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Data from: Optimal running speeds when there is a trade-off between speed and the probability of mistakes


Amir Abdul Nasir, Ami Fadillah et al. (2018), Data from: Optimal running speeds when there is a trade-off between speed and the probability of mistakes, Dryad, Dataset,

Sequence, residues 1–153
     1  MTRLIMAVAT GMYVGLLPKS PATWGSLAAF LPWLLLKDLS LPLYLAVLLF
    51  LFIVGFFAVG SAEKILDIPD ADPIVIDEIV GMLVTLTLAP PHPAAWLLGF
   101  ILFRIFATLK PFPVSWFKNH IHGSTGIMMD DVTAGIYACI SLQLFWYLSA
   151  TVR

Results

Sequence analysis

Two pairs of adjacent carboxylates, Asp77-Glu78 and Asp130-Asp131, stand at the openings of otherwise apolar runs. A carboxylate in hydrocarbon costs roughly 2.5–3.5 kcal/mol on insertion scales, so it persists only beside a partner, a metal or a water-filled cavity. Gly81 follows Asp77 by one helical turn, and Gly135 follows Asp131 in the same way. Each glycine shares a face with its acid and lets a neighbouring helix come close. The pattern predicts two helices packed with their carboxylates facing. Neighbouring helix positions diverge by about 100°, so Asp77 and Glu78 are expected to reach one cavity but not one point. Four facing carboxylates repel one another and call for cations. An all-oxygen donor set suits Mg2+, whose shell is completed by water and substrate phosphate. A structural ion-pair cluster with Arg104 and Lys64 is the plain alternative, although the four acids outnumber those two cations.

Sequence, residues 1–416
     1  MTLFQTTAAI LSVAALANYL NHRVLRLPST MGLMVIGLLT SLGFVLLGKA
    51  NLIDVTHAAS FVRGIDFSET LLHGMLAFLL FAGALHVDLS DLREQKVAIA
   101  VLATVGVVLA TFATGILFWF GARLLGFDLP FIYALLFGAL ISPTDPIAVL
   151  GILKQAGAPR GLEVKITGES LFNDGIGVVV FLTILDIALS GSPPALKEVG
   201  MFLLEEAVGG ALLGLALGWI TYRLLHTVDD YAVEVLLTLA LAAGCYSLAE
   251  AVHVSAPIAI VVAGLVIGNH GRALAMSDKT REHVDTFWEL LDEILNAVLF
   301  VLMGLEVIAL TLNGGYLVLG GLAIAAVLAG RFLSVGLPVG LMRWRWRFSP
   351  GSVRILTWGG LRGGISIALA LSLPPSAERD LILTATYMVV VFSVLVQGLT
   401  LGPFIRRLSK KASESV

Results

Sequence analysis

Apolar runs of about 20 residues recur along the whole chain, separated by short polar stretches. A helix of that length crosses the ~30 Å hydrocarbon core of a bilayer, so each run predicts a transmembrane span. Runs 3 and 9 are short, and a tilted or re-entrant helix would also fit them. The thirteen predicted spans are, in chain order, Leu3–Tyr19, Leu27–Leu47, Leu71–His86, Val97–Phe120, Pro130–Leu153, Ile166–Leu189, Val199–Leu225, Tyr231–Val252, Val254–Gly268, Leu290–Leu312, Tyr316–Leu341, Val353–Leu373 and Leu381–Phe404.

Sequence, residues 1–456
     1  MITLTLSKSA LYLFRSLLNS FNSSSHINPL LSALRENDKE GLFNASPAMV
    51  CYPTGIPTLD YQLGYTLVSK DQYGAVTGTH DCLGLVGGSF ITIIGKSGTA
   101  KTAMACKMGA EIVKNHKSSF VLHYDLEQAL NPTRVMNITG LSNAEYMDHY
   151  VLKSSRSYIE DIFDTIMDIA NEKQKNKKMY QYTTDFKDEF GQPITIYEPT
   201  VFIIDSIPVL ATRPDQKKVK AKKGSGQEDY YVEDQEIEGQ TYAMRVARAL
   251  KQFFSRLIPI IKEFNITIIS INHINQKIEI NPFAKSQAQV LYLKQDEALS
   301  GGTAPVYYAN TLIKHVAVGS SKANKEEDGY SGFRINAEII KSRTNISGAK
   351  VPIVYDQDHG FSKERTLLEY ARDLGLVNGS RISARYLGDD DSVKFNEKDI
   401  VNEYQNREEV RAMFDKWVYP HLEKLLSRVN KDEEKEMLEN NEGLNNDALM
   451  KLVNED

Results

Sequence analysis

1. Do prey run as fast as they can to avoid capture? This is a common assumption in studies of animal performance, yet a recent mathematical model (Wheatley et al. 2015) of escape behaviour predicts that animals should instead use speeds below their maximum capabilities even when running from predators. Fast speeds may compromise motor control and accuracy of limb placement, particularly as the animal runs along narrow structures like beams or branches. Mistakes decrease speed and increase the probability of capture. 2. We tested several key assumptions and predictions of Wheatley et al.’s (2015) model using wild-caught northern quolls (Dasyurus hallucatus), a squirrel-sized marsupial carnivore. We quantified the speeds of quolls as they traversed beams of differing width and expected animals should balance the benefits of higher speeds against the increased probability of mistakes when selecting speeds. 3. We first explored whether the probability of mistakes when running along a beam increased at faster running speeds (speed-accuracy trade-off) and when the difficulty of a task was greater (narrower beam). In addition, we quantified the costs of locomotor mistakes to test the assumption that mistakes decreased overall running speed. Finally, we tested whether individual northern quolls modulated their running speeds when moving on narrow beams, which would decrease the probability of making catastrophic mistakes. 4. We found quolls were more likely to make mistakes when running faster and on the narrower beam. Locomotor mistakes increased the total time needed to traverse the entire beam, and each mistake decreased average escape speed by around 50%, representing a substantial cost for slips or trips. To circumvent the costs of these mistakes, quolls voluntarily reduced speeds in situations when they are more likely to make a mistake (i.e. narrower beams), thereby allowing them to decrease the total time it took to traverse the beam. 5. Our data provide support for the assumptions and predictions of Wheatley et al.’s (2015) model of optimal escape speeds, and suggest that animals optimise rather than simply maximise speeds when running along challenging substrates. Our work provides a foundation for understanding the movement behaviour of animals when their objective is to escape predatory attacks, and demonstrates that animals should select their escape strategy based on how both the speed of movement and motor control affect task success.

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